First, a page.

Mon, 31/03/2014 - 14:11
The global mutual fund industry’s assets have grown more than sevenfold in the last two decades, according to a research report by ICI Global.
The paper offers a statistical analysis – the first of its kind conducted on post-2008 financial crisis data – of the numbers of mutual funds and assets under management in various regions around the world.
It also details the prerequisites for mutual fund growth, such as strong, appropriate regulation and capital markets, and the primary factors driving fund growth, such as a country’s economic development and demographics and whether a country has a defined contribution (DC) plan that allows participants to invest in mutual funds.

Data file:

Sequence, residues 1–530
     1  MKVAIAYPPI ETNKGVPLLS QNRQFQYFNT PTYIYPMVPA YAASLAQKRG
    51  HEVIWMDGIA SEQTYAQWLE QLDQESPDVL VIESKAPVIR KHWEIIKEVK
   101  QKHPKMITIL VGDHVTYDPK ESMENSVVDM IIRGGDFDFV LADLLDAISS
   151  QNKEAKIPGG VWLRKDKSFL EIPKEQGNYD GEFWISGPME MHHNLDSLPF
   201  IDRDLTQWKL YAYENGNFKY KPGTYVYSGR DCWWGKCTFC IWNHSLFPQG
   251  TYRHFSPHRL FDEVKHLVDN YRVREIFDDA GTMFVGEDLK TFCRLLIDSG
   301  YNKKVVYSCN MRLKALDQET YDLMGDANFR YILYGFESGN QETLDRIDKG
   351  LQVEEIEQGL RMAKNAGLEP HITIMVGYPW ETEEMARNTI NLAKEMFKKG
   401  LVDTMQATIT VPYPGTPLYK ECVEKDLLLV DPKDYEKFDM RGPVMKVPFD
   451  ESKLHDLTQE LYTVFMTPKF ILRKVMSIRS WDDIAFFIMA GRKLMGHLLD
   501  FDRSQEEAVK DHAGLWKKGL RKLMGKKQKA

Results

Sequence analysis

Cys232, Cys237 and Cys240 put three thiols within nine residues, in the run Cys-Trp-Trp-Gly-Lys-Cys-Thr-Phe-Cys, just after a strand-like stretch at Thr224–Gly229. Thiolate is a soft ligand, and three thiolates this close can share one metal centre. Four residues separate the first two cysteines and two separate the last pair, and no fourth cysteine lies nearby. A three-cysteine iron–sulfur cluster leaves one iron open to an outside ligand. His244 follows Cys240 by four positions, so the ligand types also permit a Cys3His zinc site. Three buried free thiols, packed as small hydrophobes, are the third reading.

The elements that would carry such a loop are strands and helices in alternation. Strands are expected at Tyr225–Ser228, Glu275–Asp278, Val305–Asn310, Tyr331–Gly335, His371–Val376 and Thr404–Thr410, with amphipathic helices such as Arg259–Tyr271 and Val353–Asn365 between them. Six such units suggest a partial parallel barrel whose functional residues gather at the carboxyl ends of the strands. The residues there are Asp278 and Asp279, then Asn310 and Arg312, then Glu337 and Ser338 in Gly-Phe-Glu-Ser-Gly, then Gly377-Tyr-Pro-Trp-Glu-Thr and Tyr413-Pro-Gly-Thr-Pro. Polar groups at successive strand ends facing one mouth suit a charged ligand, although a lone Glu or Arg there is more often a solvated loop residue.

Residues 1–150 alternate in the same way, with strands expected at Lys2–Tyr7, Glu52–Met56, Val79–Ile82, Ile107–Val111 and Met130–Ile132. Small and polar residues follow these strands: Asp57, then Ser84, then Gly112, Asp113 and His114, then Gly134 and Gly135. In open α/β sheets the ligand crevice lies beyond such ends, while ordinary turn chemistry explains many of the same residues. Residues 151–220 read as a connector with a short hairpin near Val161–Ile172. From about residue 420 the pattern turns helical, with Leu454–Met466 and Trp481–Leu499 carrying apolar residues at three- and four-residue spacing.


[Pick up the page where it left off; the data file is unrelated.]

The report, Globalisation and the Global Growth of Long-Term Mutual Funds, finds that mutual funds worldwide have experienced strong growth in assets over the past two decades, increasing from USD4trn in 1993 to almost USD29trn in September 2013. This growth reflects increases in each of four broad regions—the US, Europe, Asia-Pacific, and the rest of the world. Broken out by region:
· The US market expanded nearly 600 per cent, to USD14.3trn in assets
· European markets grew 640 per cent, to nearly USD9trn
· Asia-Pacific fund assets rose 450 per cent, to USD3.3trn
· Fund assets in the rest of the world—including Canada, Chile, and Brazil—grew 2,200 per cent, to USD2.3trn
“The data paints a picture of a booming environment for mutual funds,” says ICI senior economist Chris Plantier, author of the report. “Though local factors, such as high returns on Brazilian bond funds, and changes in statistical reporting are behind some of the more exceptional growth seen in the rest of the world region, the research shows that, worldwide, investors are expressing a clear demand for mutual funds as a savings vehicle.”
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